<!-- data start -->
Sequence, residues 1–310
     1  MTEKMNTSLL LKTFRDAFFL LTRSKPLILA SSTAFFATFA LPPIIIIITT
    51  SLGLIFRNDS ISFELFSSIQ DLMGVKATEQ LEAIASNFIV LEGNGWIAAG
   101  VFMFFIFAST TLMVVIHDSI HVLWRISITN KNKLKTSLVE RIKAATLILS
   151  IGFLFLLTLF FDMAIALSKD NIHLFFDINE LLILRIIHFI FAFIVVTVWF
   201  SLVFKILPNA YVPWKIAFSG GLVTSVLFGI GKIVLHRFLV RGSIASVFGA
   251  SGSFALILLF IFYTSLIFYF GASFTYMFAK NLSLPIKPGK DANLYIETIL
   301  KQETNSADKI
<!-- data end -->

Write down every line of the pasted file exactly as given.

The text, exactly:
Sequence, residues 1–310
     1  MTEKMNTSLL LKTFRDAFFL LTRSKPLILA SSTAFFATFA LPPIIIIITT
    51  SLGLIFRNDS ISFELFSSIQ DLMGVKATEQ LEAIASNFIV LEGNGWIAAG
   101  VFMFFIFAST TLMVVIHDSI HVLWRISITN KNKLKTSLVE RIKAATLILS
   151  IGFLFLLTLF FDMAIALSKD NIHLFFDINE LLILRIIHFI FAFIVVTVWF
   201  SLVFKILPNA YVPWKIAFSG GLVTSVLFGI GKIVLHRFLV RGSIASVFGA
   251  SGSFALILLF IFYTSLIFYF GASFTYMFAK NLSLPIKPGK DANLYIETIL
   301  KQETNSADKI